Department

Leadership

Date of Paper/Work

Spring 4-10-2014

Degree Name

Doctor of Education in Leadership (Ed.D.)

Type of Paper/Work

Dissertation

Advisors

John D. Holst, Kathleen M. Boyle, Michael Porter

Abstract

This phenomenological study explored the idea of “community” in the context of community supported agriculture (CSA). Data from interviews with shareholders and farmers as well as multiple participant observations over two CSA seasons, revealed community as an important part of the CSA experience for both shareholders and farmers. The most important aspect of this arguably countercultural community was the relationship between the farmer and shareholder. Shareholders mentioned the idea of supporting a local farmer more frequently as the reason for their CSA participation than the vegetables themselves. The CSA replaced the anonymity of grocery store commodities with food raised by "my farmer."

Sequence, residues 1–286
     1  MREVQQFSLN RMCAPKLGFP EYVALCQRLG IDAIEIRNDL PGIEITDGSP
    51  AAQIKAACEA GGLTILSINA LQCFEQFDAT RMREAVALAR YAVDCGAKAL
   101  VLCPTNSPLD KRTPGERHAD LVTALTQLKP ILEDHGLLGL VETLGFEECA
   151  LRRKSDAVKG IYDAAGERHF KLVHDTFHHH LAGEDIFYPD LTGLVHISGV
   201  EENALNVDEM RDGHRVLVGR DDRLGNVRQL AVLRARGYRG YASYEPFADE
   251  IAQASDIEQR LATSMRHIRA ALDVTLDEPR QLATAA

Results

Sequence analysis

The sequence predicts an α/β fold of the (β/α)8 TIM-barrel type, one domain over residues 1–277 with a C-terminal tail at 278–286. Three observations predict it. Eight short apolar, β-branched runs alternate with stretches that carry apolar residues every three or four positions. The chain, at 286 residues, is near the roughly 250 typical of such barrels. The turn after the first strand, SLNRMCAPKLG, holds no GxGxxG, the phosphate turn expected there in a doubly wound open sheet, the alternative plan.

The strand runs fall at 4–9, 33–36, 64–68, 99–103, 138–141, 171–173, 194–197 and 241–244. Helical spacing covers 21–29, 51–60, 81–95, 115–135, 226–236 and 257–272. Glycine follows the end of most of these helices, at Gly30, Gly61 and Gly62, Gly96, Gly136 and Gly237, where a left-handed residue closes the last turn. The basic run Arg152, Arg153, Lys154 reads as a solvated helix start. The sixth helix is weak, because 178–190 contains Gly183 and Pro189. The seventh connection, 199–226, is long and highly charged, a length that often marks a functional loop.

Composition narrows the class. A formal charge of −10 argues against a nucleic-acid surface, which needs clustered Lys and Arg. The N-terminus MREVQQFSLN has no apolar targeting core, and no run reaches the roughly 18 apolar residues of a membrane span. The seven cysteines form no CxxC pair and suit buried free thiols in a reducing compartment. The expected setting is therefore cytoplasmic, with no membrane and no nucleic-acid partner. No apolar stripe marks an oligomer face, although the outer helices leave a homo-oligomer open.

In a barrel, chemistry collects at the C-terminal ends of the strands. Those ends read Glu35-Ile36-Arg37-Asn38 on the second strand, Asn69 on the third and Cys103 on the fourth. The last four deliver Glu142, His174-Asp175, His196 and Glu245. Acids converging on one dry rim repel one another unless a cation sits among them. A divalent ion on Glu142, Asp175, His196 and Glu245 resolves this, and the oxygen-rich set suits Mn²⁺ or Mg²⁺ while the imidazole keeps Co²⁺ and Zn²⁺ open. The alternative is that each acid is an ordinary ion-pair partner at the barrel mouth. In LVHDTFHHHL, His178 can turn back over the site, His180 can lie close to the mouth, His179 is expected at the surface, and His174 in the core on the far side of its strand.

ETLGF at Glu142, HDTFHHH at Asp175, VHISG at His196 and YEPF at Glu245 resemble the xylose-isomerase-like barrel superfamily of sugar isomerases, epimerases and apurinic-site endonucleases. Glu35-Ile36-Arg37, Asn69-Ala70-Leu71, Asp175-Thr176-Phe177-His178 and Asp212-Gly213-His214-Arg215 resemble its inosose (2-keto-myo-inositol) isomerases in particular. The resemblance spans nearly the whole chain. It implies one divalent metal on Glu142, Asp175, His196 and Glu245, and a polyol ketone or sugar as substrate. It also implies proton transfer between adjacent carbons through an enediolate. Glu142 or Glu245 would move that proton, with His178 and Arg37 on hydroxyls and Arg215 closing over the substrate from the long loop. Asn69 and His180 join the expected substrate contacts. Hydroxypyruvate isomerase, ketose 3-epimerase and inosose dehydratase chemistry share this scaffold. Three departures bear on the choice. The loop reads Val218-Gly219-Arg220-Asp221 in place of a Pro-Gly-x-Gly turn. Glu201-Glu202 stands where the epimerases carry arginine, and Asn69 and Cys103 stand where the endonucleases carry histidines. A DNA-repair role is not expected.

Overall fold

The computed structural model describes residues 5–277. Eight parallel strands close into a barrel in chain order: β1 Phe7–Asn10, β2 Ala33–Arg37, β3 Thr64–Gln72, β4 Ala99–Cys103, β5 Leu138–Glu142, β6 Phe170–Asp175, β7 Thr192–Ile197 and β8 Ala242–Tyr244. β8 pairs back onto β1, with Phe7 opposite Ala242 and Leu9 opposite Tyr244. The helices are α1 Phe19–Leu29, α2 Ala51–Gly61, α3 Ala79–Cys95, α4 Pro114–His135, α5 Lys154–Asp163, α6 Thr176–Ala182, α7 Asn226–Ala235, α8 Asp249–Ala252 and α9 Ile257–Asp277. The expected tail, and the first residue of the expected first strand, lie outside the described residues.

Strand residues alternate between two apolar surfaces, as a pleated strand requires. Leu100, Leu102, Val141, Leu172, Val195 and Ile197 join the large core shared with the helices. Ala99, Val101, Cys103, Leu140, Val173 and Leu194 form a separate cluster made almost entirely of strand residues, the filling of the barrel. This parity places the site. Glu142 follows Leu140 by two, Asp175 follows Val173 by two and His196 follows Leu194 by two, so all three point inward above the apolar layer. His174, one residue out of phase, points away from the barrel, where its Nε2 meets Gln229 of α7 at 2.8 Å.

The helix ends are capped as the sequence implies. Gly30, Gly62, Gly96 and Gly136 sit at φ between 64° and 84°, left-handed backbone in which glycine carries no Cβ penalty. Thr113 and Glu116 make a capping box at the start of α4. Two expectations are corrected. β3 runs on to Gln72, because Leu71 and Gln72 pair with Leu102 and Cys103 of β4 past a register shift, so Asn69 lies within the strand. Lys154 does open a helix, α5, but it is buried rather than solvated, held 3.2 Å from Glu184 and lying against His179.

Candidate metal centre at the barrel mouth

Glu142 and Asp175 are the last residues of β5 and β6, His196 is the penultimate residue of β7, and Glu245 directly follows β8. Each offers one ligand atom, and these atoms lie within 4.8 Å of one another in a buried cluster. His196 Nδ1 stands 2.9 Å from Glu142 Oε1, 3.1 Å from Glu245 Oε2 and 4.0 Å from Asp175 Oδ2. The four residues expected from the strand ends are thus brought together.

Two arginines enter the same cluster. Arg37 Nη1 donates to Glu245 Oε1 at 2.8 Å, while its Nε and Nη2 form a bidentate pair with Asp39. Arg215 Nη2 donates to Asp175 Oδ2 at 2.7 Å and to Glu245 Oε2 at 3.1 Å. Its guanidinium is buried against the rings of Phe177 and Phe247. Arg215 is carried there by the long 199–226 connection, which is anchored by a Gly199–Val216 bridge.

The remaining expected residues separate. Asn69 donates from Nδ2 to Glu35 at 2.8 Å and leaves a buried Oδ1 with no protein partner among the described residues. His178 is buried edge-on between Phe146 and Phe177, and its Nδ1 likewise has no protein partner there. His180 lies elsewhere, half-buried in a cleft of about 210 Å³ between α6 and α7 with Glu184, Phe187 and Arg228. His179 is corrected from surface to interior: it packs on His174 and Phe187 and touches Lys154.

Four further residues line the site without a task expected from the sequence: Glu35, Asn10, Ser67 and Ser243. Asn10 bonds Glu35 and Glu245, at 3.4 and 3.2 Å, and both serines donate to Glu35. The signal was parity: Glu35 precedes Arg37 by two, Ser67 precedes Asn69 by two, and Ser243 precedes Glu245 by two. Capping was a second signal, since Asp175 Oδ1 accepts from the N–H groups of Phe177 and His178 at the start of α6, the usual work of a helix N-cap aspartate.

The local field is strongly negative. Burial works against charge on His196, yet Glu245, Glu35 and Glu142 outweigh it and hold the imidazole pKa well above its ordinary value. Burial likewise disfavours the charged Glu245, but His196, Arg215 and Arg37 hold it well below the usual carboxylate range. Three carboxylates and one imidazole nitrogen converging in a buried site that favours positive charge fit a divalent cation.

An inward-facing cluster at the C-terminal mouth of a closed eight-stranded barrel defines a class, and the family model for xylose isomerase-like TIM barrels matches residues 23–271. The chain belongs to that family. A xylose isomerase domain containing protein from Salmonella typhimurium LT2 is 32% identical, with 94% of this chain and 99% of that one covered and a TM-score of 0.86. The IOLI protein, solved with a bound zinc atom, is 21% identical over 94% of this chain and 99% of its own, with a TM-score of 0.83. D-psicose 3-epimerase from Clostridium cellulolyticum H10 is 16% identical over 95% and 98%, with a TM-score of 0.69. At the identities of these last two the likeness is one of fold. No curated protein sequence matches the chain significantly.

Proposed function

Farmers displayed an unusual degree of satisfaction and enjoyment in their chosen profession. While most CSA farmers made less money than their shareholders, the farmers still devoted more time and attention (e.g. craftsmanship) to producing and delivering the weekly box of vegetables than one might have expected. The element of craftsmanship was a shared attribute
between farmers and many of the shareholders. Farmers developed their craftsmanship growing the vegetables and shareholders developed their craftsmanship preparing and experimenting with the vegetables. The vegetables in the CSA box represented the tangible part of the farmer/shareholder relationship, but the magic of “community” was in the relationship itself.

Keywords

phenomenology, communty supported agriculture, counterculture, shareholder value, craftsmanship

Creative Commons License

Creative Commons Attribution 3.0 License
This work is licensed under a Creative Commons Attribution 3.0 License.

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